The Greening of WPI

The Greening of WPI


As a community, perhaps the most important work we can do together is to ensure a sustainable future for those who come after us. From recycling dining hall scraps into animal feed, to forward-thinking policy on the construction and operation of campus facilities, to a new environmental studies major designed to educate the leaders of tomorrow, WPI is deeply and widely engaged in the global effort to clean up, and green up, the Earth.

When Trustee Judy Nitsch ’75 joined a group of WPI volunteers at a Kensington, Conn., nursery last spring, she knew their work would sow the seeds—literally—for sustainability. In August 2008, the 10,000 seedlings they handplanted in modular pallets were installed atop East Hall— crowning WPI’s newest residence hall with a living green roof. In addition to providing thermal insulation and particulate filtration for storm water, Worcester’s first-ever green roof allows students and faculty to gather research data on storm water quality and flow. "Our civil and environmental engineering students will be comparing and contrasting the storm water runoff so WPI can quantify the advantage of a green roof," says Nitsch, who has been a driving force and benefactor for green design and sustainable construction on WPI’s campus.

East Hall, a showcase of recycled materials and energysaving features, is on track to become WPI’s second LEEDcertified building. (LEED, Leadership in Energy and Environmental Design, is a national rating system by the U.S. Green Building Council for developing high-performance, sustainable buildings.) The first was Bartlett Center, home to admissions and financial aid, which opened in 2006. In February 2007, the WPI Board of Trustees voted to adopt a policy calling for all future campus buildings to be environmentally friendly and to be LEED certifiable. "WPI recognizes the importance of making permanent changes in how organizations do business— with respect to energy, the environment, and the economy," says Fred DiMauro, assistant vice president for facilities. "Energy efficiency, the careful selection of a building site, responsible use of natural resources, and reduction in generating waste are just some factors that need to become standard procedures in the design, construction, and operation of all buildings."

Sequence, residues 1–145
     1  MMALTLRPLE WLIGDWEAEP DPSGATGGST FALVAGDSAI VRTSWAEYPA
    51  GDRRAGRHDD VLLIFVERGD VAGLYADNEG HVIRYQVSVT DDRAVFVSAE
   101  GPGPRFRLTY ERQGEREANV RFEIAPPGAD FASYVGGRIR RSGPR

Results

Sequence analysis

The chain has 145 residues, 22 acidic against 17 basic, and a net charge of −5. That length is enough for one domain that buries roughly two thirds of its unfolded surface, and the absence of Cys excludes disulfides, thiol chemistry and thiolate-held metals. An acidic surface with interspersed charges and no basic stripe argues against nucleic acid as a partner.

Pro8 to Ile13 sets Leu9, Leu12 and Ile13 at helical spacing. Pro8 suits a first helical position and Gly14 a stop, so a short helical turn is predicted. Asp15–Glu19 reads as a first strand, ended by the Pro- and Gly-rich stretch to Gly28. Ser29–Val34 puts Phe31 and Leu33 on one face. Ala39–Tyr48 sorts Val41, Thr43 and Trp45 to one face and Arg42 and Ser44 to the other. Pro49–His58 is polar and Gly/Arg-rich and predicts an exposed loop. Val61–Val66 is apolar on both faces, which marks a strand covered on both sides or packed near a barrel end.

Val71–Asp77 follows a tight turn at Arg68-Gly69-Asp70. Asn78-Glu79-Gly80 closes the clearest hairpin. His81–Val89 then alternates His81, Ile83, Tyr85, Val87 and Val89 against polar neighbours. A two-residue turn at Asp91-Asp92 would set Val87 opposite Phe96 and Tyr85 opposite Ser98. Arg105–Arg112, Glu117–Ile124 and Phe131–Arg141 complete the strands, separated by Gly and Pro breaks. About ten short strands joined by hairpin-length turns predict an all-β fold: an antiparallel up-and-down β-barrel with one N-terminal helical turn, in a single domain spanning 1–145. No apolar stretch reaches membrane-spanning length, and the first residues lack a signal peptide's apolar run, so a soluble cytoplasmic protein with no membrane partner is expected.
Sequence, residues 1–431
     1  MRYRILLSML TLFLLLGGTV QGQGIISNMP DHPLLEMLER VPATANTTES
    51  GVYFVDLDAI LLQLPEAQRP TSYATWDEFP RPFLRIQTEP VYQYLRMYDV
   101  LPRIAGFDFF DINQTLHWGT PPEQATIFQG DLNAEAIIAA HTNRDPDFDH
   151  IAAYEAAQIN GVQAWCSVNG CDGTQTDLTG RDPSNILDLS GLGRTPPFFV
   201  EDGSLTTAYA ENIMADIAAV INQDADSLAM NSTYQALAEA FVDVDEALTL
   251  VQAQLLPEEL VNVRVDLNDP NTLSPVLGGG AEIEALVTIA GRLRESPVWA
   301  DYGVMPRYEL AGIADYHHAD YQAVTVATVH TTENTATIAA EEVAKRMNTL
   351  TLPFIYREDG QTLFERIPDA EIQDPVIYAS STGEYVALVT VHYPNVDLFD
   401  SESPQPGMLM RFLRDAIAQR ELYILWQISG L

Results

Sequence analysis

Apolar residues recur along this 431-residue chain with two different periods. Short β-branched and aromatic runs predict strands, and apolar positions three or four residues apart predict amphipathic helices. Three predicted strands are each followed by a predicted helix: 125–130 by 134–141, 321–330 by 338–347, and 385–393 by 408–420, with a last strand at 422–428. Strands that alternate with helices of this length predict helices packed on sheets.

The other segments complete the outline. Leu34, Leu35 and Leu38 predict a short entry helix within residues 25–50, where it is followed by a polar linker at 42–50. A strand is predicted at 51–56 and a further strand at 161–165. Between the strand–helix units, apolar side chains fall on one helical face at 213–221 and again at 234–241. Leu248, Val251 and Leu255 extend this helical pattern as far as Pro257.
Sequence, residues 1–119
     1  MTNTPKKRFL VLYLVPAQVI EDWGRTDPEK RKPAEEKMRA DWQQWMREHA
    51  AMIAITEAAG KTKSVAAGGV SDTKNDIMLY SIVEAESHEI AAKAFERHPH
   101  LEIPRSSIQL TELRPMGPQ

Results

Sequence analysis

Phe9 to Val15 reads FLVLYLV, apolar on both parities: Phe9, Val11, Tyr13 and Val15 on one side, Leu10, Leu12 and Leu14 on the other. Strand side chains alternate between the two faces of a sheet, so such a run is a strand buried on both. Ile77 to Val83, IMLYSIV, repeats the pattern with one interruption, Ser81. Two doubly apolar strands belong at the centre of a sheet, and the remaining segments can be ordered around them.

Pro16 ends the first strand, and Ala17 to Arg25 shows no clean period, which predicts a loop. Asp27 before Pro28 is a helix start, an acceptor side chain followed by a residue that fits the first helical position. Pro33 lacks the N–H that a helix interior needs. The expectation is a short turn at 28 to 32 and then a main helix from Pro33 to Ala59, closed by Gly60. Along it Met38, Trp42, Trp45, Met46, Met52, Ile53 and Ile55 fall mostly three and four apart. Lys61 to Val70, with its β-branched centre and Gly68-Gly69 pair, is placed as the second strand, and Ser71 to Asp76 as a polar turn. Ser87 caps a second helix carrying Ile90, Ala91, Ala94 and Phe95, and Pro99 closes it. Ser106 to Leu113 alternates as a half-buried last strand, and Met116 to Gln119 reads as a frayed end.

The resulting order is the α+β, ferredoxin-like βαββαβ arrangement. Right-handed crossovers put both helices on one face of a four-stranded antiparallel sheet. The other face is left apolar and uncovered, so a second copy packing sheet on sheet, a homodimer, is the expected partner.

At 5,000 square feet, the green roof stands as a visible symbol of WPI’s commitment to environmental responsibility. A much smaller, but very important, patch of green bloomed on WPI’s homepage on St. Patrick’s Day 2008; it is a logo that links to the Sustainability at WPI website (wpi.edu/+sustainability). The site was unveiled to mark the kickoff of a campus-wide effort, led by the President’s Task Force on Sustainability, to strengthen the 'sustainability sensibility' on campus, and inspire research and action throughout the world. Its mission embraces academic and operational initiatives in the areas of climate protection, materials management, facilities operations, local and global communities, and academics. The results can be observed in every corner of the campus and by all segments of the community. "We’re looking critically at the way we live and work," says Liz Tomaszewski, WPI facilities systems manager and sustainability coordinator, "and encouraging changes that will have a positive impact on our campus, on the city of Worcester, and throughout the world."

As a student in WPI’s Power the World class, one of the Great Problems Seminars, Kyle Bartosik ’12 joined his peers during project presentation day. His team project, 'Hydrogen Powered Vehicle: The Case for Hydrogen Internal Combustion,' was one of 50 that explored aspects of sustainable energy and development.